Present Fresh Wakefulness – a review and contest

Present Fresh Wakefulness: A Meditation Manual on Nonconceptual Wisdom

By repeating the recognition of innate suchness, totally free of mental constructs, we lay the basis for accomplishing the mind of the buddhas.

Present Fresh Wakefulness is  straight-forward advice from Chökyi Nyima Rinpoche on how to do away with dualistic thought and awaken. It is a very practical approach to meditation and non-dualism which actually surprised me given the little experience I’ve had with Vajrayana Buddhism. I don’t have much of a knowledge base when it comes to the Vajrayana vehicle, and that was a small hurdle at times with this book. But Chökyi Nyima Rinpoche cuts through the “trappings” that might shy a novice away and delivers a message that is clear to all, regardless of tradition.

The book is written from a series of talks that Chökyi Nyima Rinpoche has given, and as such the dialogue can be informal at times, as one would expect when talking face-to-face with one another. He is very clear that committing yourself to nibbana is not a weekend retreat, hobby, or something to be done in your spare time. Awakening is a process that is inclusive of our every action and pattern of thought. The first part of the book dives into this deep, emphasizing time and again that there is “no samsara apart from thoughts”; and that it is dualistic, conceptual thinking that binds us to samsara. He then goes on to tell about the how of awakening in the Vajrayana vehicle. About this he says

Vajrayana is a very swift path, and to make it real, to actualize it, we need to use all sorts of methods. The Vajrayana approach has great advantages, but it is also very risky.

Anyone that can be this upfront and honest about their path earns a few gold stars in my book. He explains the methods used in Vajrayana without putting them on a pedestal above other schools/methods, which is something I greatly admire. Let your practice speak for itself, without disparaging others.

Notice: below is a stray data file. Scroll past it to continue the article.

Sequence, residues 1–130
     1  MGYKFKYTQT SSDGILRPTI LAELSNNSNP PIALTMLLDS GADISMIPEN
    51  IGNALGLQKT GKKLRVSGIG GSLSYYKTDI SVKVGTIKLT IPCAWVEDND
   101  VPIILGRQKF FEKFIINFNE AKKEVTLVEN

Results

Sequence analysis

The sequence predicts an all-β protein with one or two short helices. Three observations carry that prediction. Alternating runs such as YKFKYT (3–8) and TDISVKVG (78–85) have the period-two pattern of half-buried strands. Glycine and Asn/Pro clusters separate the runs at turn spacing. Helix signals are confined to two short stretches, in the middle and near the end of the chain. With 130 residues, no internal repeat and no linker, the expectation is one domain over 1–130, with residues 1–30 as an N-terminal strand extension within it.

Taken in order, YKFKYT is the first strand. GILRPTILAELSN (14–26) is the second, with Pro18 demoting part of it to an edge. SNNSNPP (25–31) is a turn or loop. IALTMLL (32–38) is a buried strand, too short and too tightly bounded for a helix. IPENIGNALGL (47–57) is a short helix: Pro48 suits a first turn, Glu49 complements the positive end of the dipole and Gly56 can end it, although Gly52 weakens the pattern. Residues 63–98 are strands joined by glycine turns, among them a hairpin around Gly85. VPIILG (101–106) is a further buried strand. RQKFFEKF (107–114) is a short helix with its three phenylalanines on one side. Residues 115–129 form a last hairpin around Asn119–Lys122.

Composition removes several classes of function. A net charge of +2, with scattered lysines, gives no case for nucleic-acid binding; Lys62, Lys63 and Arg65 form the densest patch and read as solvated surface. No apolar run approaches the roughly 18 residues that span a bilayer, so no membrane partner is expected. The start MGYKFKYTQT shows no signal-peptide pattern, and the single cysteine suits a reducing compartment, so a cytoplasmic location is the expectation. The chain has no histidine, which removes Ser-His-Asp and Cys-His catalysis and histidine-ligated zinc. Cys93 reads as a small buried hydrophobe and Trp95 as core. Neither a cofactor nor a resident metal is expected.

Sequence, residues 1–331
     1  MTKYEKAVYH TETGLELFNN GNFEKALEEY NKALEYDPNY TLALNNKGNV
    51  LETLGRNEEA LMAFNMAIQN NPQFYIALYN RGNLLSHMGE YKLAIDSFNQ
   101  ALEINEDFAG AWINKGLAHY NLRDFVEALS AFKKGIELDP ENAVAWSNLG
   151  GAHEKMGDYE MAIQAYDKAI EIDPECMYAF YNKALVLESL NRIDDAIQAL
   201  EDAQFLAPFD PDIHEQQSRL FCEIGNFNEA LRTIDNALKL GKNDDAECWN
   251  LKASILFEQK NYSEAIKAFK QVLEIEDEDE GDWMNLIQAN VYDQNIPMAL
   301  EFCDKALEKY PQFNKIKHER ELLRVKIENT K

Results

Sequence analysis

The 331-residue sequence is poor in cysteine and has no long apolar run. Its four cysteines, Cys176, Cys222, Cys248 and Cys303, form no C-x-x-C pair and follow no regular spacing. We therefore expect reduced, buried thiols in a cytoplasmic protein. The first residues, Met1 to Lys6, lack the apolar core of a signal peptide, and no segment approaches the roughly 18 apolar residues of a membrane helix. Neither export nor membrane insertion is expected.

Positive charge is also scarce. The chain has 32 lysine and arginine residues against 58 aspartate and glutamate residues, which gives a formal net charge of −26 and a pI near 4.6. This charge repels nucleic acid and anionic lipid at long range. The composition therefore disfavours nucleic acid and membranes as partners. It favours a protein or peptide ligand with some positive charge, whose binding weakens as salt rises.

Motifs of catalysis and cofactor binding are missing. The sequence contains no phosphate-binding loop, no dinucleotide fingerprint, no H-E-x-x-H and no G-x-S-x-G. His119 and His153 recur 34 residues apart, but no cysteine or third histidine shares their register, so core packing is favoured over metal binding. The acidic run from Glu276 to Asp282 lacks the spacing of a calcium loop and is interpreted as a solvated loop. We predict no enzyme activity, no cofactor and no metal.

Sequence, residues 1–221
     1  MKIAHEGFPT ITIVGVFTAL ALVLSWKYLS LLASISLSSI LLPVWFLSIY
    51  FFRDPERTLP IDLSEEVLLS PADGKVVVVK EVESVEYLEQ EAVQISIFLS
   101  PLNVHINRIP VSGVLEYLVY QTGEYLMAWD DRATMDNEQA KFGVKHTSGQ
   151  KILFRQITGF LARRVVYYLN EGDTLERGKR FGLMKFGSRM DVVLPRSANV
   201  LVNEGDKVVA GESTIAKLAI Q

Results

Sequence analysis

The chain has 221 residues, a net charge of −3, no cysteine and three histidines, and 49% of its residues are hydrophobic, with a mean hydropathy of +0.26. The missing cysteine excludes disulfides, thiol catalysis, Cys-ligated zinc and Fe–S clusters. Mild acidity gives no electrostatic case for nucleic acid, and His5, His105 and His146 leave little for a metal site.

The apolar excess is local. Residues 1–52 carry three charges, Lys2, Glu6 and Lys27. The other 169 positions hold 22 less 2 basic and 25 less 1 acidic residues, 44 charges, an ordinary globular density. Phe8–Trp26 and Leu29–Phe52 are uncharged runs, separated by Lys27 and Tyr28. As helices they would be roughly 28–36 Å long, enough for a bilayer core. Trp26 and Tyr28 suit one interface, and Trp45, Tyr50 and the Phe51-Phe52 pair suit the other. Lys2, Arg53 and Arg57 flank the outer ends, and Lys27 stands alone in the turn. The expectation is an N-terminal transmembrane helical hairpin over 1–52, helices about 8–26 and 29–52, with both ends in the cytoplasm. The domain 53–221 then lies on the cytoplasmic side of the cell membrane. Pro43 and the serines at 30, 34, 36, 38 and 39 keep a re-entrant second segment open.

One thing about this book that I found difficult was that it was transcribed from talks that Chökyi Nyima Rinpoche gave, and in the transcription, something gets lost. When you write a book or blog post or article, it is true that you attempt to write using your own voice. But there was something choppy and slightly disconnected about it. It was as if the talk was happening in the next room, and you could only hear it through the wall. As a result, you’d miss out on his presence, eye contact, and all those other non-verbal modes of communication that accompany speech. So the “voice” of the book seems to stumble at times, and I think this leads to a little dryness as well.

But it is still well worth the read. I think a newbie Buddhist such as myself would be able to learn from it, but someone with a little bit more of a base understanding around Vajrayana would find it even more valuable. And as such, I’m going to give this book away to one of my readers.

All you have to do to win this book is to leave a comment on this post naming one book that has both challenged you and helped you on your path. I’ll use on Sunday June 27th to pick a winner, so be sure to comment before then!